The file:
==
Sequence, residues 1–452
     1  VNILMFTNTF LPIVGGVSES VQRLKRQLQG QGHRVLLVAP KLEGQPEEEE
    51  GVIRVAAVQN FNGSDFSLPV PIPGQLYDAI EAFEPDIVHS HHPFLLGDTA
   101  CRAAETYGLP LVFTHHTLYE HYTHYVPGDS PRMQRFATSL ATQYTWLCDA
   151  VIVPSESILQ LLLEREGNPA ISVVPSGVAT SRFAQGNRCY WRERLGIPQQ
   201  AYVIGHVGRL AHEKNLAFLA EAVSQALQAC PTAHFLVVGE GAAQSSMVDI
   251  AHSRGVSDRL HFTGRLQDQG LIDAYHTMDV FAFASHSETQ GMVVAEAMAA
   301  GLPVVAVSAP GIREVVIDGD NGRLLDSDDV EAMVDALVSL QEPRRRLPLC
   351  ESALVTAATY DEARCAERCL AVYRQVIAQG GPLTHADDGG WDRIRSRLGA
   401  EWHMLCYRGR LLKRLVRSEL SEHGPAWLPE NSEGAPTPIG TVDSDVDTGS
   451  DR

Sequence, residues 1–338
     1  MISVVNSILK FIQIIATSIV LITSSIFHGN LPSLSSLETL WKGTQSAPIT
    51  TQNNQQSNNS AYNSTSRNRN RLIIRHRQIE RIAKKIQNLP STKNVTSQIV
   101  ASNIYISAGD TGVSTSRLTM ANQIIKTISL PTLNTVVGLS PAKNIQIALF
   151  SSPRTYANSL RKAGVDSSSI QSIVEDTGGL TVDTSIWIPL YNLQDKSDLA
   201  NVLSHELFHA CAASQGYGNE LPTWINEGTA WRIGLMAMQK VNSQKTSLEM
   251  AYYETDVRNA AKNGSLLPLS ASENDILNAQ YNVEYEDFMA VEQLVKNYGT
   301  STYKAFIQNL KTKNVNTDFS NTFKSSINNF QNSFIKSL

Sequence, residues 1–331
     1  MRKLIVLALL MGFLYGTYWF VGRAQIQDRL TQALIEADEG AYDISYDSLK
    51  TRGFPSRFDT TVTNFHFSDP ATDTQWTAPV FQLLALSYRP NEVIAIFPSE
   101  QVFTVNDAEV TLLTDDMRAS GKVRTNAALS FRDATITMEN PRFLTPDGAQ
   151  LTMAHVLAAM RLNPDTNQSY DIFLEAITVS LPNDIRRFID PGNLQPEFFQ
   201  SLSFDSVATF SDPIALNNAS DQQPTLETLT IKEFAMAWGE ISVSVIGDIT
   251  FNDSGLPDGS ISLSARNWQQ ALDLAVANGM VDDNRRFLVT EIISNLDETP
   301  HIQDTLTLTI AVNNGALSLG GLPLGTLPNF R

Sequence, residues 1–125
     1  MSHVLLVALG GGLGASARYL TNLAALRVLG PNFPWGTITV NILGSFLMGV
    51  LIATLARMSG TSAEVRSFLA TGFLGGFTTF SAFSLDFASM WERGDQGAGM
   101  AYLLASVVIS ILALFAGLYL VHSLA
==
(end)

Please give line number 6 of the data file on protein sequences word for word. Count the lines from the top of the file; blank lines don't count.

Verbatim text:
   201  AYVIGHVGRL AHEKNLAFLA EAVSQALQAC PTAHFLVVGE GAAQSSMVDI